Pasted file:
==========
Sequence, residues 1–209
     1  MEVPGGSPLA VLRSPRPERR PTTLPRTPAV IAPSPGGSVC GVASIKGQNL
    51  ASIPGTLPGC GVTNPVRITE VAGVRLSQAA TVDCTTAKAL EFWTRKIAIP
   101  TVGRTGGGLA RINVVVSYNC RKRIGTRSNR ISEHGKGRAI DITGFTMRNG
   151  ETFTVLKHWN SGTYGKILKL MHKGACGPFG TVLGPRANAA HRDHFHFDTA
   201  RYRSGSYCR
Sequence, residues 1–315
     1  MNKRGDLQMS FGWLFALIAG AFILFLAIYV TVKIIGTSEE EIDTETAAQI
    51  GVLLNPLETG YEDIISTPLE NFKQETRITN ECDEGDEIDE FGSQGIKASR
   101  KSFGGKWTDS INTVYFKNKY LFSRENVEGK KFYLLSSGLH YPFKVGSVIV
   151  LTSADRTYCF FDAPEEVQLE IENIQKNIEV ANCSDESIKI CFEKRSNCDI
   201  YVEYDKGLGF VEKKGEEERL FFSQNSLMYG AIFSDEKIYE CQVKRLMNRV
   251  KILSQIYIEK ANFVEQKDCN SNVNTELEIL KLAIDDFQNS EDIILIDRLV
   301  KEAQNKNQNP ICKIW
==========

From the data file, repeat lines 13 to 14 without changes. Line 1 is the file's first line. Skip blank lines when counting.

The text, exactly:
   251  KILSQIYIEK ANFVEQKDCN SNVNTELEIL KLAIDDFQNS EDIILIDRLV
   301  KEAQNKNQNP ICKIW